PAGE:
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Old 04-17-04, 01:17 PM   #6
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My base light is a Cygo Lite Night ROver...Also have a Nite Rider Digital Evolution...Reason, I would take the Cygo Lite...I have two batteries for it..Each rated for two hours on one beam...So that is four hours...Guess never hurts to take a Compact headlight, just in case.. Oh, touring bikes have lots of carrying capacity. Probably always have a change of light bulbs. THink that is well prepared.
Think I would not like riding in busy traffic conditions at night.
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Old 04-17-04, 01:25 PM   #7
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So Cal..Drippy here today in So Cal Guess, we are shut in? In April ? ..I tend to look forward to night rides when the moon is full...Getting used to perfect conditions in SO Cal... One of my beefs about night riding...I like warm dry conditions...
But then , seems morning fog does not usually, come into town until maybe 2 am or later.So clammy conditions I don't like are usually, not about- if you ride before Midnight.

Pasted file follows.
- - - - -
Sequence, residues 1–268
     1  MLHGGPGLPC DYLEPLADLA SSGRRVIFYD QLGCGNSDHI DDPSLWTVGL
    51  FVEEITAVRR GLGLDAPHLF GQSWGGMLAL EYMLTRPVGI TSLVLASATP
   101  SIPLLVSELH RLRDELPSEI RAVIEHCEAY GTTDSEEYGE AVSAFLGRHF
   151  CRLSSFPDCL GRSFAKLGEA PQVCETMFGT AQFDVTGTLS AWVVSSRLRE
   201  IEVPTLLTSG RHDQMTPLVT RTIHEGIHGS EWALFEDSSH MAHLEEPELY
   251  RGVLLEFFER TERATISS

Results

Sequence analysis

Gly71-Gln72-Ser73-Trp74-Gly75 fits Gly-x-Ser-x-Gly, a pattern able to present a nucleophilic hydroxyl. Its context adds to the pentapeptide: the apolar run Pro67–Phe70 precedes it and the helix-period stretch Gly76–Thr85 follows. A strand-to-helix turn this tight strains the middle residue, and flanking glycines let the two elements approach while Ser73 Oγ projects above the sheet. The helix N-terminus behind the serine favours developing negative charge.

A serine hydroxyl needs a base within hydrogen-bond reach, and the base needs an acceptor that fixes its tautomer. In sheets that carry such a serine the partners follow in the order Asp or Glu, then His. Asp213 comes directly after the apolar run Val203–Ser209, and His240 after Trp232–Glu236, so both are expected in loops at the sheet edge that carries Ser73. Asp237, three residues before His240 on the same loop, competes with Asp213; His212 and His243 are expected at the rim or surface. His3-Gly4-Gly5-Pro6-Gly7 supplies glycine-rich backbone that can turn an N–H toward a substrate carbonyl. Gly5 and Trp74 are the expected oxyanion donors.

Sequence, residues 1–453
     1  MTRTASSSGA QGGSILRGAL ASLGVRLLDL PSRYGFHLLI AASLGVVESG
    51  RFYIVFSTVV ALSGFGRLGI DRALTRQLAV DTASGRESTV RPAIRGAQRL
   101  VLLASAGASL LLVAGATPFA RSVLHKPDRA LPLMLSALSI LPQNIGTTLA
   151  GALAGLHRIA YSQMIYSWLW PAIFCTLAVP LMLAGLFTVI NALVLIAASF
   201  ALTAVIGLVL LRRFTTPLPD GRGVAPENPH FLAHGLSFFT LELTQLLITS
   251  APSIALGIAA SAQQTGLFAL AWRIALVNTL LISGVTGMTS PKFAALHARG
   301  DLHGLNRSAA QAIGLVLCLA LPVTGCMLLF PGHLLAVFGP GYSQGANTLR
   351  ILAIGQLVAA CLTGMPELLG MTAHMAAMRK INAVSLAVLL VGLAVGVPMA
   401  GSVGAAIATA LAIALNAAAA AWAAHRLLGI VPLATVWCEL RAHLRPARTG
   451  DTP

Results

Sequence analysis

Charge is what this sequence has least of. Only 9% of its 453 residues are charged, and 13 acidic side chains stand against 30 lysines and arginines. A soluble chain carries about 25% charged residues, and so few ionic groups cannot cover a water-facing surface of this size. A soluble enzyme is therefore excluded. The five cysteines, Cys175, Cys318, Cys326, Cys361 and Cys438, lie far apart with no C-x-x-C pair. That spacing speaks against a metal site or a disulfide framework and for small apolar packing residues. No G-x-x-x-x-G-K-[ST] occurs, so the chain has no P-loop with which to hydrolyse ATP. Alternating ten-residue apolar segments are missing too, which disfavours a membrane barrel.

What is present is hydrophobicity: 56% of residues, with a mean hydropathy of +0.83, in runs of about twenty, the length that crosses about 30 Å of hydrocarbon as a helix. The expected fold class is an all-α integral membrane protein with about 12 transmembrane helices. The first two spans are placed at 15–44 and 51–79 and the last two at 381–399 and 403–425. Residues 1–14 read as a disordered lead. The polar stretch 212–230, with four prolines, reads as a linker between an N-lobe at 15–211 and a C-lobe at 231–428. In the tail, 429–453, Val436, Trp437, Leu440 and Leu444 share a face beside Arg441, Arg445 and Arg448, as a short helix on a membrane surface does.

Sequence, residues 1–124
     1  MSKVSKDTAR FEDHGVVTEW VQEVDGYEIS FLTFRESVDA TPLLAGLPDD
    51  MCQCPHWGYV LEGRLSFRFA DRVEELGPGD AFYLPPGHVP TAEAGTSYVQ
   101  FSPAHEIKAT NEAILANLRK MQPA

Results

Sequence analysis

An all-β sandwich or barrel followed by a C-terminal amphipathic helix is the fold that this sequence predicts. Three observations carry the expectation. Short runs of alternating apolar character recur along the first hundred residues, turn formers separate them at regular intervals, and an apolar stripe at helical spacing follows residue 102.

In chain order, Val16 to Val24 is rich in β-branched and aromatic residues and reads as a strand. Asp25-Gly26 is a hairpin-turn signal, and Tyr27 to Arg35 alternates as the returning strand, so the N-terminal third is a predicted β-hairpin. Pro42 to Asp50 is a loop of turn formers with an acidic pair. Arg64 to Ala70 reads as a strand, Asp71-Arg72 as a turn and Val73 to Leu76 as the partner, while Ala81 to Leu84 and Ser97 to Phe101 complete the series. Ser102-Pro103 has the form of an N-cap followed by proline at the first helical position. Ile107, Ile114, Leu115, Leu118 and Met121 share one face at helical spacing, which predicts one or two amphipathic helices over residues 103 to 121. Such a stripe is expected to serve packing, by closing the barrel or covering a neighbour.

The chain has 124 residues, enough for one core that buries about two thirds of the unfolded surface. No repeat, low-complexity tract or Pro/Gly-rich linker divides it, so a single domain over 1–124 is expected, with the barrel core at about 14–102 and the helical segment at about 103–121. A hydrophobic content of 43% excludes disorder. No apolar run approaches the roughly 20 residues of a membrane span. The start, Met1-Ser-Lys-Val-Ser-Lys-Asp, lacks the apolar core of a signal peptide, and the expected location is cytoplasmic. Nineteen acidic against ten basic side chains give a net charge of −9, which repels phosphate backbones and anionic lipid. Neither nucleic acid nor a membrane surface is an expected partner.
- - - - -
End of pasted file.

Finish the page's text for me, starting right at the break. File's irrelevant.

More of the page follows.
Jacket or not...Clammy is clammy. What a spot is Riverside County without traffic?
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Old 04-17-04, 01:36 PM   #8
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Here is a link if you are interested in the helmet light.. This has regular and flashing modes.. I use it in flashing modes but can be used in standard mode if you need a light in a pinch.. I prefer riding at night as opposed to rush hour traffic.. I have found that riding at night with proper lighting has been so much safer than riding during rush hour when everyone is in a hurry to get home.. The link below has pictures of the helmet light.. Light and velcro available at REI, total cost about 25.00...

If you ride or commute at night, this would be a good addition..
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Old 04-17-04, 01:44 PM   #9
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My digital Evolution has a helmet mount...So I am set.. Just with the handlebar light, I will have wires running everywhere...
SoCal..Another night lite I recently bought...Those Cyclop/UFO lights...Offered by CatEye...They can mount anywhere...
Probably mounting one on the backside of a helmet would be ideal for approaching traffic.
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Old 04-17-04, 02:08 PM   #10
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Well that is thing, this has no wires, it's all self contained.. Runs on 3aaa batteries, weighs 3 ounces total weight... There is no such thing as too many lights at night..
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Old 04-17-04, 03:49 PM   #11